Tuesday, May 8, 2012

The 13th Annual Washington Jewish Music Festival

Although the opening show was last week for the Washington Jewish Music Festival, many more shows start in rapid fire succession beginning this Thursday, May 10th with Hadag Nahash performing at the Fillmore. I will be covering a couple of the shows and will have interviews posted with Roberto Rodriguez (May 14th) and DeLeon (May 17th) here soon. But for now, here is some details about what looks to be a fascinating series of concerts, courtesy of the Chief Executive Officer of the Washington DC Jewish Community Center, Carole Zawatsky.

David Hintz -  From reading about the Festival, is it fair to say that this is the biggest festival yet?

Carole Zawatsky - This is indeed the biggest one we've had. This is the 13th year of the Washington DC Jewish Music Festival. Thirteen is a significant age in Jewish life. It is the age which a young girl or boy becomes a member of a community, becomes a bar or bat mitzvah, and in the life span of this music festival, it is the coming of age of the music and it is the largest on we've had and is a celebration of all the festivals that have come before.

DH - I was curious to find out if this was a common type of festival in a number of a cities, but is it correct that this event takes place in only a few cities?

CZ - That is correct. There are a couple major metropolitan areas that have Jewish music festivals and there are many cities that have Jewish music in their calendar of events. It is only a few cities that have a really robust festival and to that end, this festival, unlike... really the only other one similar would be the San Francisco Jewish Music Festival that looks at Jewish music in a really broad way... that allows you as the participant to truly understand that Jewish music is as diverse as music in any sphere you may listen to... that hip hop and reggae is Jewish music. Jewish music is not only sacred and liturgical music or as I've come to say, it's not your parents' Jewish music. I think this festival is an opportunity for people to truly understand the breadth of the creation of Jewish music. The opening concert Hadag Nahash (May 10th) is a phenomenal band. One of their most popular songs which translates to 'the sticker song' is a reference to bumper stickers and social justice issues. And you look at that and say that this is not different than social justice issues in hip hop anywhere else.

DH - You had your May 3rd show at the Strathmore?

CZ - We have worked with them on many occasions and it has always been a wonderful partnership.

DH - Yes, it is a great facility, definitely...

CZ - And I'm thrilled that we're working with the Fillmore.

DH - Oh yeah. That's right and that is the first time?

CZ - Yes...

DH - (laughs) But of course, they haven't been around that long.

CZ - It's really fabulous to have this relationship with a new venue. And again, for the Washington Jewish Music Festival, this is music that cuts across all cultural barriers (and breaks) any notion of music for a particular group.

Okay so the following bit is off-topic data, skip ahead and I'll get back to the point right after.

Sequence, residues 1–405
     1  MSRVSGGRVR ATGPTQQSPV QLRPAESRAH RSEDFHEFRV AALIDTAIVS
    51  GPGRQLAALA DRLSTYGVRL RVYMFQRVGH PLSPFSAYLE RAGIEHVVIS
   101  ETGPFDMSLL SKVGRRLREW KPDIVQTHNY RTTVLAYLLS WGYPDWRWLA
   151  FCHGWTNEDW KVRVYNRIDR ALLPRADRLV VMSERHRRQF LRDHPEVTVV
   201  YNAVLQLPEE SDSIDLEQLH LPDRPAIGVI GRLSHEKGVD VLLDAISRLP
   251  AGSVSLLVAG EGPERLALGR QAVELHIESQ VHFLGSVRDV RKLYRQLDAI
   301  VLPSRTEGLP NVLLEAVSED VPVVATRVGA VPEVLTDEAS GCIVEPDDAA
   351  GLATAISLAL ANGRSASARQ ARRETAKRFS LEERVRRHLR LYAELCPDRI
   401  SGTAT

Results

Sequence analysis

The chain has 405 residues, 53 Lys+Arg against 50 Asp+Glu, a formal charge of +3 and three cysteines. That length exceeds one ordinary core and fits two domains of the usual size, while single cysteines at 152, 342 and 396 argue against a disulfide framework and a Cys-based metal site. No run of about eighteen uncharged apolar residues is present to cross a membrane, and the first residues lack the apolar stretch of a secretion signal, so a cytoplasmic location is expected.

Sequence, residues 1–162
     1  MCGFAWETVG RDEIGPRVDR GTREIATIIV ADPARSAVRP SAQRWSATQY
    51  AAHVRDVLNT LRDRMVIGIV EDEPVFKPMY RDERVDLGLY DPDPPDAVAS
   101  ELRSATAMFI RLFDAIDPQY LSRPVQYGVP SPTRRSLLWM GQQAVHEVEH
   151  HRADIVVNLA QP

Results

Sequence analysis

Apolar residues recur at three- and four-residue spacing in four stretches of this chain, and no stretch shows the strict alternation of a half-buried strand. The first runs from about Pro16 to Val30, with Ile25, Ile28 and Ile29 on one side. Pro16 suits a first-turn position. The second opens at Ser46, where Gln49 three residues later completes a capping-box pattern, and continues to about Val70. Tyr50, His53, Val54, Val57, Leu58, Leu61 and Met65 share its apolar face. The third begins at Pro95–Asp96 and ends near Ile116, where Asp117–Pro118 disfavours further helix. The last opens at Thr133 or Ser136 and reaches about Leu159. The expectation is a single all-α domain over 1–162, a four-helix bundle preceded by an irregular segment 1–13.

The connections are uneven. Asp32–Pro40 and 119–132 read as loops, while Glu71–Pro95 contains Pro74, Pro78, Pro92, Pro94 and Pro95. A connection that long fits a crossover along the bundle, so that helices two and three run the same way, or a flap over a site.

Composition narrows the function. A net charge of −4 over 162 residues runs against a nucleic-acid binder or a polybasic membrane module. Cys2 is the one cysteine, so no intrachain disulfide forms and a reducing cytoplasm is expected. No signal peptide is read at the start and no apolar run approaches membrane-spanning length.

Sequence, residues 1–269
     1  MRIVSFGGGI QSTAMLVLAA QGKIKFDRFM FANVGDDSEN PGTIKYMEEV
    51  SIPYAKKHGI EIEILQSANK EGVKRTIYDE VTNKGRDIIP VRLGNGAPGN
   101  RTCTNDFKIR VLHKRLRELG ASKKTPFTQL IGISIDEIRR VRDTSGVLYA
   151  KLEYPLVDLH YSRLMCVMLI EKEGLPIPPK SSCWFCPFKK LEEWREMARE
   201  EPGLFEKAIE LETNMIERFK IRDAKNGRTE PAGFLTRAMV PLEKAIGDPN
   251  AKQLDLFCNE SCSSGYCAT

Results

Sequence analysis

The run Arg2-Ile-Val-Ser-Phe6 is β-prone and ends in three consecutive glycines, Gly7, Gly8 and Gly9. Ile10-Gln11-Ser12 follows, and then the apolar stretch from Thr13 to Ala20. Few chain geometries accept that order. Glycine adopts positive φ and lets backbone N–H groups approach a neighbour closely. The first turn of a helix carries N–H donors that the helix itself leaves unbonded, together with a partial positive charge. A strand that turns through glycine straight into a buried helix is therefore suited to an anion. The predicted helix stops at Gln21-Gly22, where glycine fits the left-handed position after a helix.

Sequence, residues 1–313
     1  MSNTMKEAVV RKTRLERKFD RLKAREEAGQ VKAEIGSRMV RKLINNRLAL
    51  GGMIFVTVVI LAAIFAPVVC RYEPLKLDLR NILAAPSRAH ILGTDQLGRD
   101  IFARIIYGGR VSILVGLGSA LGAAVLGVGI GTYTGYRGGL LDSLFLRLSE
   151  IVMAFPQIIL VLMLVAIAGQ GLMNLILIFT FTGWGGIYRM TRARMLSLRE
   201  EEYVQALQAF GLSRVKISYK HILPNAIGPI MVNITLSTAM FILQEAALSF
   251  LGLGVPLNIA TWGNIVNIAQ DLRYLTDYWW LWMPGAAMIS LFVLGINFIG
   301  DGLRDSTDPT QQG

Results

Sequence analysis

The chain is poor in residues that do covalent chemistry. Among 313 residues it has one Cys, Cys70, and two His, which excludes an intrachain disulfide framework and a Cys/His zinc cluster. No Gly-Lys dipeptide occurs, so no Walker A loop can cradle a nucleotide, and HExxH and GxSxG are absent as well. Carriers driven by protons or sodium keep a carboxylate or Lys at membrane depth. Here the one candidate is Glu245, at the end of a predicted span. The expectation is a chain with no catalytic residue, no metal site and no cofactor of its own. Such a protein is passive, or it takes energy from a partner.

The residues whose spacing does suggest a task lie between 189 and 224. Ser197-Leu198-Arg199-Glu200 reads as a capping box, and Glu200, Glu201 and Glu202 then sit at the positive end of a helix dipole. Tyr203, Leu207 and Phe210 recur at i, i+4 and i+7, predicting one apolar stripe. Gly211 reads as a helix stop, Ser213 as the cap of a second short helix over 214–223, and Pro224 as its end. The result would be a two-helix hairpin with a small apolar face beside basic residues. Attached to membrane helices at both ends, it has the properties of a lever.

DH - I understand that last year you had a band that I saw 20 years ago or so, the Klezmatics, who famously taken klezmer music and pushed it into jazz and rock boundaries and it seems this year more than ever, there is an integration of other cultures. Is that something that always been a part of the festival or is it something that is expanding?

CZ - It has always been a part of it, but you are absolutely correct. It has expanded and when we have Roberto Rodriguez and the Cuban All-stars, to me that is a tremendous people understand that the music of Cuba and Roberto Rodriguez is every bit as Jewish as sacred and liturgical music. Jews have lived all over the world throughout history and have always both created culture and have been impacted by the culture that they are surrounded by. And the music is a reflection of that in the same way that every other art form reflects that. So this year we do have thirteen different musical events for the thirteenth festival and Lili Kalish Gersch who is the Director of Music, Literary, and Dance here at the Jewish Community Center did an outstanding job programming a really broad range of musical events.

DH - That is definitely evident and I will be taking in a couple of the events including Roberto Rodriguez who I just interviewed. He was a very impressive guy and I am very much looking forward to that.

CZ - Great! I do want people to understand that this is a celebration of thirteen years. I love the idea of having this kind of exuberance, delight and surprise. And when I was thinking about what do you want the Washington Jewish Music Festival to reflect, it is really that... surprise, delight and exuberance.

DH - And those are good themes, especially for people like me who go to so many shows and want to avoid the simple and conformist sorts of acts.

CZ - You mentioned the Klezmatics and Alicia Svigals who was one of the original members of the Klezmatics is doing a new score and playing for a silent film on the closing night at the festival.

DH - Oh, yes. I have seen something like that at the Denver Film Festival. That is always an interesting thing to see.

CZ - Right, so you take this very traditional art form--a silent film, then a sentimental art form--Klezmer, the notion or reinventing  and re-imagining and pushing art forms forward. And this Festival is a wonderful model of that.

DH - I hope it goes great this year.

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